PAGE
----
Thursday, June 21, 2007


WHO: Essa (aka Vanessa)
WHAT: Peace Corps, Environmental Education
WHERE: Nicaragua

WHEN: Sept '05 - Nov '07
WHY: La vida es un carnaval

El Castillo and the Rio San Juan

My friend Jose Luis came to visit from Arizona and we decided to brave the 15 hour boat ride across Lake Nicaragua to get a glimpse of the Rio San Juan. The river is a disputed border between Nicaragua and Costa the past Costa Rica has treid to capture the area, no doubt for development. Nica is not having any of that and maintians control. The area is quite remote now, but was hopping at the turn of the centuary when it was a major thouroghfare for north americans traveling from the Atlantic to the Pacific. There is about a 20km track of land that kept Nicaragua from stealing Panama's fate. There were big plans for developing the waterway, but investors finally opted to put the canal further south. Since then, they say the Rio San Juan is better conserved now than 100 years ago.

Here's Jose Luis and I with two chavalos in the town of El Castillo. We played a little two-on-two until Jose Luis called it off claiming I had broken his toe. (it wasn't, but it was badly bruised).

El Castillo, a Spanish fort, was built to protect Nicaragua (which was under Spanish rule at the time), from, literally, the pirates of the Carribean. This river drains Lake Nicaragua, and the important colonial city of Granada sits on its shores.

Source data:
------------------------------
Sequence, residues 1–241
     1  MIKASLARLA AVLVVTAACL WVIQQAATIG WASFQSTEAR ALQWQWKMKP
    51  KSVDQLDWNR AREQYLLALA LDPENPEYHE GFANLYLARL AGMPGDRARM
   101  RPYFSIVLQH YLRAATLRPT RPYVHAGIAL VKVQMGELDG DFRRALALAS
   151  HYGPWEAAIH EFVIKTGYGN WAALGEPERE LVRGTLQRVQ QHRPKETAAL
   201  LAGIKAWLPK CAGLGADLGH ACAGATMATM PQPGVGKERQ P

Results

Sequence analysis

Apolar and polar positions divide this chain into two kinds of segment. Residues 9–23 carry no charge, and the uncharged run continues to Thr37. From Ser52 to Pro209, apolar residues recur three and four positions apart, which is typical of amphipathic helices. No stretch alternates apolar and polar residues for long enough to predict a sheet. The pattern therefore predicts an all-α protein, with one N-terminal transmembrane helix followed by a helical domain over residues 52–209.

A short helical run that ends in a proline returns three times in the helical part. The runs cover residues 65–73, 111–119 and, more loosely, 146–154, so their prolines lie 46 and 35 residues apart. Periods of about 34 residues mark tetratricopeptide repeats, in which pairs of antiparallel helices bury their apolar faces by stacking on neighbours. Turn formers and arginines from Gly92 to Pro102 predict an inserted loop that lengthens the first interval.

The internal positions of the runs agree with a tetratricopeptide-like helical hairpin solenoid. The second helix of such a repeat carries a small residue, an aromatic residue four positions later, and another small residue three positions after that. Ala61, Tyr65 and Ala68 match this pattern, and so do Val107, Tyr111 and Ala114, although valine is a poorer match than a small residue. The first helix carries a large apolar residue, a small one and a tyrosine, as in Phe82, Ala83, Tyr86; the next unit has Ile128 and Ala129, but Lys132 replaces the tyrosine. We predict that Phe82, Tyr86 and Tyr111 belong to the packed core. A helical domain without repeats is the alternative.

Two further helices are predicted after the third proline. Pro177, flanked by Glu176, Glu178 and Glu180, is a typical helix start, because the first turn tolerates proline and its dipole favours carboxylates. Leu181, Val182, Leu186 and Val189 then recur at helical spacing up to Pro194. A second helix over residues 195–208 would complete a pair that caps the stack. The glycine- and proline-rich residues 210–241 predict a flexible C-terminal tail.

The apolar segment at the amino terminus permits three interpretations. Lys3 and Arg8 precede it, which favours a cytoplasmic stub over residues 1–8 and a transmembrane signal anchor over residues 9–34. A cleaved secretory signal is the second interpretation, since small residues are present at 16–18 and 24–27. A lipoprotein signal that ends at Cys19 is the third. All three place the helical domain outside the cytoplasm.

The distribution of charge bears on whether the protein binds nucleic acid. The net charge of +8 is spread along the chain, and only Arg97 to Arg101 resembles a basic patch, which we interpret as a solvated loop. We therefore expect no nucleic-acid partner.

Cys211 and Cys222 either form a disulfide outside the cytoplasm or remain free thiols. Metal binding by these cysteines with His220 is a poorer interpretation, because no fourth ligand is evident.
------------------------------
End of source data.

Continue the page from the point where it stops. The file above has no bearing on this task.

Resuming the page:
Here's the Rio San Juan. I was a little disapointed in the lack of fauna...we only saw one monkey and one toucan. But I imagine those motor boats, which are equivalent to the fleets of old yellow school buses that transport people, chickens, and bags of beans from one town to the another have frightened them all away.
The flora was another thing altogether, as very dense rainforest flanks the banks of the river. Now these are impressive leaves (gringa for scale).

The only little sidewalk road in El Castillo, a town of about 3,000, I think. There are no cars, and we didn't even see any horses or cows, people just pulled their own little carts.

A Rio San Juan version of the family minivan.

University field trip

My counterpart and I arranged a trip to a local university, Universidad Autonomo de Nicaragua (UNAN), for the students of the rural school I work at. 19 kids from the community and one mother attended the trip.It was a great success, mostly because the university president loved the idea. He accompanied the children to and from the school in the private university bus, as well as on the tour of the university. Here they are in a question answer session.

They were all given a class on computers and the internet. I was impressed - they're all flat screen computers...we dont' even have those at my university!

Yassel, Fabiola, and Leisi, two are recent 6th grade graduates who are attending high school on Sundays. During the week Yassel works at her family's store, and Fabiola is caring for her sick mother. Leisi is still in 6th grade.

The president gave the kids a tour of his office, in which he has lots of Latin American articfacts and art that he has collected in his travels.

We got to watch a girls team practice Judo, and a couple of guys practice Tae Kwon Do. He talked about the university athletic teams they could join at length.

All in all it was a great counterpart and I are just hoping it serves to show the kids (and parents) that the university is not a far away, unatainable goal. It's only 7 km from their rural community.